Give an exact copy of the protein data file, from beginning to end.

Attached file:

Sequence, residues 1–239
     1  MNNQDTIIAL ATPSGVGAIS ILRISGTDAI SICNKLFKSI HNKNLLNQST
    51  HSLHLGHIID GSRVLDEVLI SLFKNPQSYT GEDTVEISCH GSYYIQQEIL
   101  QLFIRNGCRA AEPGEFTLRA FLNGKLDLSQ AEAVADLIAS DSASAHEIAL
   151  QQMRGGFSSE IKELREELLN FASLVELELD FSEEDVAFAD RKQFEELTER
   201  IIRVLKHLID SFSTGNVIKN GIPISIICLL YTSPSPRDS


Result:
Sequence, residues 1–239
     1  MNNQDTIIAL ATPSGVGAIS ILRISGTDAI SICNKLFKSI HNKNLLNQST
    51  HSLHLGHIID GSRVLDEVLI SLFKNPQSYT GEDTVEISCH GSYYIQQEIL
   101  QLFIRNGCRA AEPGEFTLRA FLNGKLDLSQ AEAVADLIAS DSASAHEIAL
   151  QQMRGGFSSE IKELREELLN FASLVELELD FSEEDVAFAD RKQFEELTER
   201  IIRVLKHLID SFSTGNVIKN GIPISIICLL YTSPSPRDS